Emulate-Bladder: A new dynamic in vitro human bladder model
Staging of bladder cancer (https://www.macmillan.org.uk/)
The bladder is a deceptively simple organ at the centre of significant disease burden. Bladder cancer was responsible for 188,000 deaths, and UTI 196,000 deaths when last reviewed in 2015. Central to the pathogenesis and therapy of bladder disease is cell death, which makes these conditions particularly amenable to in vitro study. Even so, animal experimentation remains a significant aspect of research into bladder disease, despite the availability of in vitro models.
For example, there are several lab models of catheter-associated UTI. However, although these models can incorporate urine and are useful for the study of bacterial biofilm formation on catheters, they do not incorporate mammalian cells, thereby missing a fundamental element of UTI. Likewise, for studying the uroepithelium researchers commonly resort to using the human bladder carcinoma cell line, T24, in monolayer culture.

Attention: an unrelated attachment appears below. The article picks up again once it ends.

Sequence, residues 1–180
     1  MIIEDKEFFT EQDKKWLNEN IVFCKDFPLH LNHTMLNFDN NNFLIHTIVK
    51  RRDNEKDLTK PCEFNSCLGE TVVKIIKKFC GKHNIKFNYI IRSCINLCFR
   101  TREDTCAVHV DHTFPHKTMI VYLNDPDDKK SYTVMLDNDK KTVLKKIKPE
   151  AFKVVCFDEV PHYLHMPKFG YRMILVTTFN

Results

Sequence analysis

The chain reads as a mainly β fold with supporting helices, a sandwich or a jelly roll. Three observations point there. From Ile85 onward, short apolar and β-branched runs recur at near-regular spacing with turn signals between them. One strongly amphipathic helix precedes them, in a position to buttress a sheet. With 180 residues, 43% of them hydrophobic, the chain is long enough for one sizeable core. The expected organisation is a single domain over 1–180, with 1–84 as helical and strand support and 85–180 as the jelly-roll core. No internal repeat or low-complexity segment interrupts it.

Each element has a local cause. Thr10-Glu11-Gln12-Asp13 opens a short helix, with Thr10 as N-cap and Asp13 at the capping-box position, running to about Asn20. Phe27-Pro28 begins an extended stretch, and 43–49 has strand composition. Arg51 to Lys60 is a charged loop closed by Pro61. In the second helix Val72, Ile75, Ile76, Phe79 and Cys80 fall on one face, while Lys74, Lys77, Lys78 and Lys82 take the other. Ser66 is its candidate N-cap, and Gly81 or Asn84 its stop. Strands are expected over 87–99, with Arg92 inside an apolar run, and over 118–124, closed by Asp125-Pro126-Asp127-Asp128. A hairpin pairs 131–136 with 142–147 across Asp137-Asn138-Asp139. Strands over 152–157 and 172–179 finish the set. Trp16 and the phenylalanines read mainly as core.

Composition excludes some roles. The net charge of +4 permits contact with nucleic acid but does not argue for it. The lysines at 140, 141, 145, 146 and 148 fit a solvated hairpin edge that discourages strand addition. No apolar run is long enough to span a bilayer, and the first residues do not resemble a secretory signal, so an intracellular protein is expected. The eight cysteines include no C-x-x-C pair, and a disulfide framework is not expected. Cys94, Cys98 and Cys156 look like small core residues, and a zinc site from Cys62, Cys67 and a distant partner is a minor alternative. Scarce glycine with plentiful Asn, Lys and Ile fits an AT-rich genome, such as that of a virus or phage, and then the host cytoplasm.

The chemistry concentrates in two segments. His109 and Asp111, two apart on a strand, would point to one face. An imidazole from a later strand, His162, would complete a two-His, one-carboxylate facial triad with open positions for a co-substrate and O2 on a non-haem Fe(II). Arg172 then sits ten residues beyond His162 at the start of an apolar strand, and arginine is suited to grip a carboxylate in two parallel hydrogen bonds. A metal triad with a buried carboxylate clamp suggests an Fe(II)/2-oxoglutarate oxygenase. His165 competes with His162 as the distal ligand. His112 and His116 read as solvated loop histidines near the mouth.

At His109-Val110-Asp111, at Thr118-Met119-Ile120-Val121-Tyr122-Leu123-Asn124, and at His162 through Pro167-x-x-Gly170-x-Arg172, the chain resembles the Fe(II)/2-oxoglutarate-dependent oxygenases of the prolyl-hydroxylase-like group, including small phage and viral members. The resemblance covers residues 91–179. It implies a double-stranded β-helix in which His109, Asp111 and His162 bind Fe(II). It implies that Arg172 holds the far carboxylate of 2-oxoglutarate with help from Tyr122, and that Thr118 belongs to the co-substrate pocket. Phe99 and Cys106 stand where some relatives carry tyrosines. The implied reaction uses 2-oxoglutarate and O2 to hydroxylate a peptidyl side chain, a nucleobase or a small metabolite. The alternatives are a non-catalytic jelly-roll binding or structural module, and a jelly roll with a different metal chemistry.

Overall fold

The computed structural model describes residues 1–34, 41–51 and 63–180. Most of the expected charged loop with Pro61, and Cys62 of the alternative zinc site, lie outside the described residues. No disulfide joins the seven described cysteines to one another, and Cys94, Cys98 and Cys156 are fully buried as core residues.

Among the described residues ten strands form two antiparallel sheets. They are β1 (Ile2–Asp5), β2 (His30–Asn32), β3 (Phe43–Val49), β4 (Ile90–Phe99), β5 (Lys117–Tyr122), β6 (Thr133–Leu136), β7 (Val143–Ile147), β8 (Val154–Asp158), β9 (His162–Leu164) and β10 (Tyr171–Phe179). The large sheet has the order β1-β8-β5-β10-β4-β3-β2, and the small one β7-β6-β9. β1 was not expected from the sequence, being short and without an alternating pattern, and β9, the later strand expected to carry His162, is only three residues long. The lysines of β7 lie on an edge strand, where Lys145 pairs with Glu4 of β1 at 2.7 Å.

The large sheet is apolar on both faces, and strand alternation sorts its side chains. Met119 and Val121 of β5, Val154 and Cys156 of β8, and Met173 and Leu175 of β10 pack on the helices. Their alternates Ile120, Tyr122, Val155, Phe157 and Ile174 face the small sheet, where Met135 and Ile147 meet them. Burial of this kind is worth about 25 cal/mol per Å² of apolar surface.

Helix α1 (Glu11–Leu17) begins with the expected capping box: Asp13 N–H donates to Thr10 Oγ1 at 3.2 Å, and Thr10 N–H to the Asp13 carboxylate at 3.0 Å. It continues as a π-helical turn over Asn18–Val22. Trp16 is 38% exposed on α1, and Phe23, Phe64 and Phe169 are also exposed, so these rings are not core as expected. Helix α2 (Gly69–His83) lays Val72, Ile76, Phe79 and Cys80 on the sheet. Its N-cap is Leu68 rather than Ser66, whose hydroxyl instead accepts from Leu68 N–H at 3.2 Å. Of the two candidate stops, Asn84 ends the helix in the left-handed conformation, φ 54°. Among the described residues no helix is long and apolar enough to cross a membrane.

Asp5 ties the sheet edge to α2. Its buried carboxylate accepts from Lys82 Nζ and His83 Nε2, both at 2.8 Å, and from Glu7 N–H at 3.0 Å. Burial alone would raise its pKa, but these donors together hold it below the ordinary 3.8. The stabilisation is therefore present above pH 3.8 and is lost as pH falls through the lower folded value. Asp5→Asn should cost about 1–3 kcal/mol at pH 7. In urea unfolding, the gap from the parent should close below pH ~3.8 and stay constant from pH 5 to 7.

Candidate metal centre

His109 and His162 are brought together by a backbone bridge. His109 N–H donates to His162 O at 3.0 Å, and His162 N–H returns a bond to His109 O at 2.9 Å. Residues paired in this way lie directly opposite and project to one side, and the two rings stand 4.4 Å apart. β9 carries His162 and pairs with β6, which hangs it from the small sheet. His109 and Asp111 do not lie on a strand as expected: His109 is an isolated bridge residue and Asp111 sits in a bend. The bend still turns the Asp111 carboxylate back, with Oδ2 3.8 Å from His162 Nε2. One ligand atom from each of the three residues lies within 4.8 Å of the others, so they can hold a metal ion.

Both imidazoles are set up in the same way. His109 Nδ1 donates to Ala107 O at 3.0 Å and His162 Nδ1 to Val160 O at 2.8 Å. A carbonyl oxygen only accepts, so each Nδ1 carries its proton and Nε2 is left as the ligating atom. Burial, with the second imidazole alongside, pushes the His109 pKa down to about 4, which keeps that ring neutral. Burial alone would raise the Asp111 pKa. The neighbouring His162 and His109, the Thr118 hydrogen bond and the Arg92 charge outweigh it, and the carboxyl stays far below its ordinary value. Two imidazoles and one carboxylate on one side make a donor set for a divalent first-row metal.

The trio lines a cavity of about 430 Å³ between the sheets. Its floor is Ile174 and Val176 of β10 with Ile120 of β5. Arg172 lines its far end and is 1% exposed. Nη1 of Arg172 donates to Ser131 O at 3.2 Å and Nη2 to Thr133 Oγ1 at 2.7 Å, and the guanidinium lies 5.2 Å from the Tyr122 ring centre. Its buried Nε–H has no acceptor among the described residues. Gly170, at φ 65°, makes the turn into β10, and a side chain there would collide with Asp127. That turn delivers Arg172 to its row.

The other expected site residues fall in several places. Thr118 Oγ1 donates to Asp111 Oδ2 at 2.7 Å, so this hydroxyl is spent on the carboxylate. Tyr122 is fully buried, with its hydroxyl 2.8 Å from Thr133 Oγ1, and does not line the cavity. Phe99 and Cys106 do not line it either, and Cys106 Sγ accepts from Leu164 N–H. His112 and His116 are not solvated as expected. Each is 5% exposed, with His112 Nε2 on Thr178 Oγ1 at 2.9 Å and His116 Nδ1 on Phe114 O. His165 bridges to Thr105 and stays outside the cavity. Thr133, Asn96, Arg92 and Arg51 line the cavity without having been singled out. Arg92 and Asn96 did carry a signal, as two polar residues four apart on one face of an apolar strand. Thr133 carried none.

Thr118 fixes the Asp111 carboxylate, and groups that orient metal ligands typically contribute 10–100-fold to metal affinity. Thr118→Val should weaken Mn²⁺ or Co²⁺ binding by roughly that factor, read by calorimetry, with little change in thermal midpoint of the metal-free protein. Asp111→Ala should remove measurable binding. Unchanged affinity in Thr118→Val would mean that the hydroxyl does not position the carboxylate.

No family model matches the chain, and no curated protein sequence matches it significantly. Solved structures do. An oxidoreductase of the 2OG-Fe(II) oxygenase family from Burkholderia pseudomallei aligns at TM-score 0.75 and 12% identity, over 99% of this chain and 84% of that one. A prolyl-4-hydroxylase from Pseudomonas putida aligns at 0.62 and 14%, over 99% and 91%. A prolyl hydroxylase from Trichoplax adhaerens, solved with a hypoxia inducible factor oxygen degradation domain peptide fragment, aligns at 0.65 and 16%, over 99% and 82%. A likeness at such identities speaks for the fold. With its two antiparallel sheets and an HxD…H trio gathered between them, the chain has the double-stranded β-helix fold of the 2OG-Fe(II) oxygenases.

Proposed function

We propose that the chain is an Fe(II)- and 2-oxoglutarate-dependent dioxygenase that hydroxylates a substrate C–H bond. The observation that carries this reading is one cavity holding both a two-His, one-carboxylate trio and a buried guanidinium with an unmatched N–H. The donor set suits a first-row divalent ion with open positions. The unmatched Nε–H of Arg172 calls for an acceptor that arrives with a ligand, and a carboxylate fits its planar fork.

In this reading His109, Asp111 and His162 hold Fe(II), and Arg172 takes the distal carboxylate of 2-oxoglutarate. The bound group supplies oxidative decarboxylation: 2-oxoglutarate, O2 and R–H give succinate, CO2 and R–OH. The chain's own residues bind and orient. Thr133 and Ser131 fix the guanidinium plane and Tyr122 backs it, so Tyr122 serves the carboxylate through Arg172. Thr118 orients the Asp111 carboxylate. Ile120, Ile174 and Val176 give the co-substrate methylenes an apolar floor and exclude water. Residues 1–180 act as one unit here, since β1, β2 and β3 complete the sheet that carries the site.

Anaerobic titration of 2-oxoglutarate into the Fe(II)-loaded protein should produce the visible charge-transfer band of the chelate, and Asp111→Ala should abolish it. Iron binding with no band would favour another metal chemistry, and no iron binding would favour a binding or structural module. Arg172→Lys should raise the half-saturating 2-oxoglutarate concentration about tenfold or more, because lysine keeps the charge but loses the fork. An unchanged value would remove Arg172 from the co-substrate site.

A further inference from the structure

These models don't represent the normal, non-cancerous bladder and fail to recreate the important physiological conditions represented by multi-cellular tissues and urine within the bladder (electrolyte and pH variability, pressure and flow). We shall address these shortcomings by developing a more sophisticated model of the human bladder and making this model available to the scientific community, in order to achieve its Replacement potential.
Objective 1 - Establish the model based on Emulate organ chips by growing the non-cancerous HBLAK cell line on the apical side of the chips to form a differentiated and stratified tight uroepithelium
Objective 2 – Replace culture medium with artificial urine (Surine™) using flow to simulate filling and emptying of the bladder with associated effects of stretch and pressure – forms the basis of future experiments of UTI
Objective 3 – Introduce tumour cells into the model alongside HBLAK cells in different proportions until the uroepithelium is representative of human bladder cancer - forms the basis of future experiments of human bladder cancer.